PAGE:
I also like to look at overall trends in the term by scanning the dates, the scores, and the participation. This can inform me about seasonal changes in students’ performance such as midterm slump, spring break fever, or those times in any of our terms where students’ performance historically declines.

    Student engagement tactics

    Interventions to increase student engagement might include reducing the number of assessments or using more active engagement assessments, such as asking students to present or to work collaboratively to engage them more fully.

    If you go to the resources tab and open your book, you can select the section you found of challenging items. Highlight that section, add a note or even a URL to create an active link in your students’ notes. You could add a TED talk, or, as I did with my psychology students, a link to YouTube of The Big Bang Theory show where the actors are using operant and classical conditioning to train their significant others. When you share notes like this, the information appears in your students’ notebooks, and they can use your notes as study guides.

    Revel offers the right amount of actionable data for me to understand my students’ progress, their engagement, and where they experience challenging concepts. The platform also helps me improve my delivery, increase student success with Revel, and helps students become proficient in the learning outcomes.

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  • Outcomes: Scaffolding student success

    by Dr. Terri Moore

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    My colleagues and I often chaffed under the stress of needing to get ready for our classes while attending the dreaded college-required professional development sessions on “Outcomes” designed to comply with accreditation. We were offered little more than college-dictated Educationese required inclusion in our syllabi.

    Most of the outcomes were far too broad and vague to be measurable, and I began to daydream about how to make these days have some merit. I started to muse about outcomes. I needed a definition beyond what’s left at the end of something.

    Specifically, what is a useable learning outcome? What would meaningful outcomes look like? Linda Nilson tells us that learning outcomes are what we want our students to be able to do by the end of our course. Therefore, it makes sense to think about designing meaningful course-specific outcomes by looking at the desired end and working backwards, determining the building blocks needed to reach those goals.

    Patricia Cross stated the sole purpose of teaching is learning. This does not mean the teacher is the singular path to learning. In fact, learning often occurs best when the wise teacher gets out of the way to allow it to happen organically. Conversely and sadly, there can be a great deal of teaching with little, to no, learning.

    I felt myself in the later position more than I would like to admit, working so hard while my students expended little energy. I was expending the lion’s share of classroom energy. I wondered how to flip this energy grid, so the students would become the primary energy consumers.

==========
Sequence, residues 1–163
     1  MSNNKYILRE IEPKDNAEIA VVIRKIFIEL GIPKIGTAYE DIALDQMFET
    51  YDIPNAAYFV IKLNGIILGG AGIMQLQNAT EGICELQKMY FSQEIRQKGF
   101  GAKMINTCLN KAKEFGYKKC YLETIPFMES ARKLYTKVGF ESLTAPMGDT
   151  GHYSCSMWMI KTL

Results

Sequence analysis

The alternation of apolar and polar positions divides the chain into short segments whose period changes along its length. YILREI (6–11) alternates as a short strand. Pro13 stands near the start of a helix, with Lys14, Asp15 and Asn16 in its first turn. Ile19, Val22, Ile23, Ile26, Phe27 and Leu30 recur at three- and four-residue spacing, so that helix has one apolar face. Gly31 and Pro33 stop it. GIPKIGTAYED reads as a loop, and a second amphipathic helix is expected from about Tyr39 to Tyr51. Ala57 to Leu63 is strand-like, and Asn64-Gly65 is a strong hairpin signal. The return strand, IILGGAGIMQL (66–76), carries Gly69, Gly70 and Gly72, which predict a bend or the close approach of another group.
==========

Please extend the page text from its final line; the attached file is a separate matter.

Learning scientists tell us that deep learning is not easy, it takes effort. Effort = expenditure of energy. So, if my students spent little energy, and learning consumes lots of energy, then the ratio of teaching to learning was seriously off-balance in my classrooms. I was doing so much teaching that was not resulting in a proportional amount of learning. I realized I needed to become the classroom learning facilitator.

    I daydreamed about my ideal class with students learning. Teachers often believe we are the keepers of knowledge and only from our mouths may students learn. We’re the rock stars, dancing as fast as we can in front of the class, exhausted at the end of the day. And, while rock stars often get glowing student reviews, studies have shown students often mastered less than students in classrooms with methods focusing on learning outcomes rather than what the teacher teaches.

    Sound outcomes contain three statements:

    1. how the outcome will be measured;
    2. what the conditions will be for demonstrating the outcome;
    3. and, the criteria for evaluating the student’s performance of the outcome.

    How the outcome is measured might be stated in terms like; define or compute. The conditions for measurement might include; speeches, portfolios, or maps. Finally, the criteria for evaluating are the rubrics developed to measure progress.

    There are cognitive, psychomotor, affective, social, and ethical outcomes; however, I am only examining cognitive outcomes. Bloom’s taxonomy remains an excellent framework for developing cognitive outcomes. These cognitive processes begin with knowledge. Without knowledge, students have no material with which to construct an end result.

    Parroting new information in order to remember is the first rung. This might be coupled with comprehension, the second learning process, where the student is able to express the information in their own words. The third rung is application, using newly acquired information in unique situations. The fourth step analyzes the new information understanding how the components relate. Synthesis follows as students use isolated components creating new skills or products. The student reaches the top of the cognitive structure and is able to see from a new vantage, evaluating the relevancy of this learning.